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Indiana's Pence changes running mate before election

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BRIAN SLODYSKO

Associated Press

INDIANAPOLIS (AP) - Indiana Lt. Gov. Sue Ellspermann said Tuesday she is stepping aside as Gov. Mike Pence’s running mate in an unusual move that allows a former state Republican Party chairman to join the ticket with the governor for a tough re-election campaign.

The result is that for the first time in more than a decade a woman will not be part of the GOP ticket for governor, going against a practice of both parties.

Taking her spot will be Eric Holcomb, a longtime aide and political operative, who was a candidate for the U.S. Senate until he withdrew Monday. He has previously run for elected public office but never won. The last time a new lieutenant governor was selected in the middle of a term was 2003 after Gov. Frank O’Bannon died in office.

“Eric is perceived as solid, honest, dependable good guy,” said former Fort Wayne Republican Mayor Paul Helmke, who is now a professor of public affairs at Indiana University.

But he cautioned that Ellspermann’s departure could play badly because “the woman is leaving” and “a white guy from central Indiana doesn’t seem like the thing that would normally pick you up votes.”

While both Pence and Ellspermann deny a rift, differences between the two were highlighted in September when Ellspermann said she supported LGBT civil rights protections.

“Did we ever have policy disagreements? Sure.” Pence said while flanked by Ellspermann and Holcomb at a news conference Tuesday, chalking it up to his “executive style” encouraging robust debate.

The issue of LGBT rights has divided the Indiana Republican Party following uproar over the state’s religious objections law and Pence has said he favors religious freedoms over protections for anyone who has been declined service, fired from a job or denied housing over sexual orientation or gender identity.

Holcomb says Pence has “struck the right tone” on LGBT rights and added that issues like infrastructure improvements, education and job creation are what the focus should be.

When asked if differences over civil rights protections for lesbian, gay, bisexual or transgender people played a role in her departure, Ellspermann said she supports the governor but avoided the question, saying: “there’s very little additional to add there. So, thank you.”

Viewed as an ambitious rising star in the Republican Party, Ellspermann holds a doctorate in industrial engineering and ran her own consulting firm before she was first elected to the Indiana House in 2010. She was tapped in 2012 to join Pence’s gubernatorial ticket.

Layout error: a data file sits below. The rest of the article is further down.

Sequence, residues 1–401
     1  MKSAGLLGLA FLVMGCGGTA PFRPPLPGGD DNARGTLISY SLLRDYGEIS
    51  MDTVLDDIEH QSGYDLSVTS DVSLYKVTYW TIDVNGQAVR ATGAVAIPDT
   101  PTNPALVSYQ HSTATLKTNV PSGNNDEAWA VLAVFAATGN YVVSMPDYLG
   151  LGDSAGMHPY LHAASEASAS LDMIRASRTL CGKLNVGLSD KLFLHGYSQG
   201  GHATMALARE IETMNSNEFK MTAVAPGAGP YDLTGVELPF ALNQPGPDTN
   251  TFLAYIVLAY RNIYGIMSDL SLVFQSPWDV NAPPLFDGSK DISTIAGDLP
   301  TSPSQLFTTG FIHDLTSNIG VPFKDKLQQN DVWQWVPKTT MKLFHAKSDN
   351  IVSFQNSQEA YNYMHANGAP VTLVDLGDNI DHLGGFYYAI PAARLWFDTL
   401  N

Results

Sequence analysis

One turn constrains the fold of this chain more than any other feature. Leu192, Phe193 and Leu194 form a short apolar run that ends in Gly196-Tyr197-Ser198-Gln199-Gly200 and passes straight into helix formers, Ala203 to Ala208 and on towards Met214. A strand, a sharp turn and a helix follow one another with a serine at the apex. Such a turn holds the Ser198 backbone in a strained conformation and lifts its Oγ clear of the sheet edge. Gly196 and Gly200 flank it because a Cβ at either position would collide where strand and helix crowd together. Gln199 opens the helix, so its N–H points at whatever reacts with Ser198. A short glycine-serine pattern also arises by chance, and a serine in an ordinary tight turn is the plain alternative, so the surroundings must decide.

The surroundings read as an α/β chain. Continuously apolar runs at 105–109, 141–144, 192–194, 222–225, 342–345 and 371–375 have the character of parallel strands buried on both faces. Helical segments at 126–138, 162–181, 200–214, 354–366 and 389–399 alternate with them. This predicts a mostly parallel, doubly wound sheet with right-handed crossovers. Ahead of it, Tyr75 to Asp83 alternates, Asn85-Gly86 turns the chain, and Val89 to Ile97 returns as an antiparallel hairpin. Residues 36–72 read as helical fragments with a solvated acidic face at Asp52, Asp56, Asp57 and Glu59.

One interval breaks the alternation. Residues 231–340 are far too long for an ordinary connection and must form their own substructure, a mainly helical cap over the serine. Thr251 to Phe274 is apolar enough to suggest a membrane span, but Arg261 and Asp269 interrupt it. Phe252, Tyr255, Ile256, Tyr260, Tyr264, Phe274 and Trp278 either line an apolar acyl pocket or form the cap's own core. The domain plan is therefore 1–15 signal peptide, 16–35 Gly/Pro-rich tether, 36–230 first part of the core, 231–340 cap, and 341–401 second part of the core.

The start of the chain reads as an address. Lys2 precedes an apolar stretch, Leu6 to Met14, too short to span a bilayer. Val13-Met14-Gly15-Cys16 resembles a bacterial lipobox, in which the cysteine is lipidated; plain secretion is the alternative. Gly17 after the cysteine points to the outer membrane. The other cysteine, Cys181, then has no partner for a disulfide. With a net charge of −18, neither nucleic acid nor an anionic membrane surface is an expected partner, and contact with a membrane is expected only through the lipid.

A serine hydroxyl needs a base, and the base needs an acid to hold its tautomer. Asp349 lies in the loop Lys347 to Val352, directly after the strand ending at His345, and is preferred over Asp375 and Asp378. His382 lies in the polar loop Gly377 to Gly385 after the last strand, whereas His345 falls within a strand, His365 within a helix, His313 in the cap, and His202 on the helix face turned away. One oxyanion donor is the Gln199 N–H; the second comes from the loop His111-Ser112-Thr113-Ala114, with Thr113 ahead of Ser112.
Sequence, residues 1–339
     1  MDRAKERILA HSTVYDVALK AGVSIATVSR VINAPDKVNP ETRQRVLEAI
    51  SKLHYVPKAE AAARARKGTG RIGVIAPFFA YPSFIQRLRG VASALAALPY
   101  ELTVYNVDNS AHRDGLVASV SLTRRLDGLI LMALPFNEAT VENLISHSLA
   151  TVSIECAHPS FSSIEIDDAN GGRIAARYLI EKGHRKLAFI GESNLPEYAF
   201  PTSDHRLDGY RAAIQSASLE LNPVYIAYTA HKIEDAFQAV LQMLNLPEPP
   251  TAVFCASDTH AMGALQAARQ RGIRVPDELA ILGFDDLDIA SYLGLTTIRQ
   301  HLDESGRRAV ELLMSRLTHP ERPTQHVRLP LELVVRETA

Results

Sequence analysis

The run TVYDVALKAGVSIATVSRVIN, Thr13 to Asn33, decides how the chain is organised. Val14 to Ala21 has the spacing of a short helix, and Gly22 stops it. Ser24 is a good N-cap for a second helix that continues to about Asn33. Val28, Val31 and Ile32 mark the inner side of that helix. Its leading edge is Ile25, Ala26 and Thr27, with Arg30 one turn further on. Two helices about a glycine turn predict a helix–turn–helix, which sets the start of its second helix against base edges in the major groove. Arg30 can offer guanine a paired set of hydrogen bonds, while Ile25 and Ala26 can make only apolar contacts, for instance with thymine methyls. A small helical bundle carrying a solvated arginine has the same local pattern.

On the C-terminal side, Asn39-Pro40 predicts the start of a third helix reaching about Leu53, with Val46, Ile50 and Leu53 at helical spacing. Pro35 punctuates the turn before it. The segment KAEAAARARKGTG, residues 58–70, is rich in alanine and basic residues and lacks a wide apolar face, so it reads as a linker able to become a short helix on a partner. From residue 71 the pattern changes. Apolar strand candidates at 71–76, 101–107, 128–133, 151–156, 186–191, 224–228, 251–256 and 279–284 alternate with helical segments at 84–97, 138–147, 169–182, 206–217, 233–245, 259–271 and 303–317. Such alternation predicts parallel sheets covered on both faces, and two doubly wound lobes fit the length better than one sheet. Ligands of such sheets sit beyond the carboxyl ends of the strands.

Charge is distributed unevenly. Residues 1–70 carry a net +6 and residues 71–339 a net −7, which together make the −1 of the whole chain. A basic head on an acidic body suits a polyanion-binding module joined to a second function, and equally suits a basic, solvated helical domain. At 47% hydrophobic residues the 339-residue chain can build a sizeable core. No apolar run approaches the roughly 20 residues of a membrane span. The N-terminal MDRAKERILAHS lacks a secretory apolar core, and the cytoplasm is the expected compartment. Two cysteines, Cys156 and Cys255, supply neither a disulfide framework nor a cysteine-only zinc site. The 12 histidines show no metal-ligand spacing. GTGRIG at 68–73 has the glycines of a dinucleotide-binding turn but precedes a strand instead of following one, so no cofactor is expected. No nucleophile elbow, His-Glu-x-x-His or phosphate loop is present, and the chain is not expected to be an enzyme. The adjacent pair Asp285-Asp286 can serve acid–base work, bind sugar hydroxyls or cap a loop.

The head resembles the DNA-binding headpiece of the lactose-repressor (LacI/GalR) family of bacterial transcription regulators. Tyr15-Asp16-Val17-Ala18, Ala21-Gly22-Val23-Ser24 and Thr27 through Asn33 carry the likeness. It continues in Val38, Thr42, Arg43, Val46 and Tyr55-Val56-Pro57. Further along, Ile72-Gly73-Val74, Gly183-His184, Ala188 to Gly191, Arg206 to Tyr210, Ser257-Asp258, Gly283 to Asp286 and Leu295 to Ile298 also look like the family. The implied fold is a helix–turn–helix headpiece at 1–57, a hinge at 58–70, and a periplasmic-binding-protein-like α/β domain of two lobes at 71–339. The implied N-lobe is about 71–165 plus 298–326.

She leaves office with no guarantee of a job, though Pence has suggested that she would be an “ideal” candidate for president of the state’s embattled Ivy Tech Community Colleges system, which faces declining enrollment and flagging graduation rates.

Ellspermann’s spokesman said in December that college officials approached her about the position, which could solidify her credentials if she were to turn the school around. Pence appoints the school’s 14 trustees, who are currently conducting a nationwide $120,000 presidential search.

Holcomb is well regarded by many Republican Party officials and toured all 92 counties during his 11-month campaign for Senate. That could help Pence drive turnout in the November rematch with Democratic former House Speaker John Gregg, who supports LGBT rights.

Holcomb and Pence both attended Hanover College and were members of the same fraternity, though at different times.

An aide and campaign manager to former Gov. Mitch Daniels, Holcomb could help unite the social conservative and Chamber of Commerce wings of the party, which are at odds over LGBT rights. And he was tapped to lead the state GOP in 2011 and held the position until 2013, after which he became U.S. Sen. Dan Coats’ state chief of staff.

But Democrats point to his 2000 campaign for state representative, which drew widespread attention when he ran a newspaper ad accusing his Democratic opponent of voting to fund Indiana University, which houses the human sexuality research group Kinsey Institute.

The ad accused the Democrat of forcing “taxpayers” to fund the school’s “sexual related art, studies on bestiality, obscene photographs of children and its apparent support of homosexuality.”

When asked about the ad Tuesday, Holcomb said he would “let the body of my work and experience speak for itself.”

“I don’t spend very much time looking in the rearview mirror. I tend to focus out front,” Holcomb said.

 

 

Posted 2/10/2016

 
 
 
 

 

 

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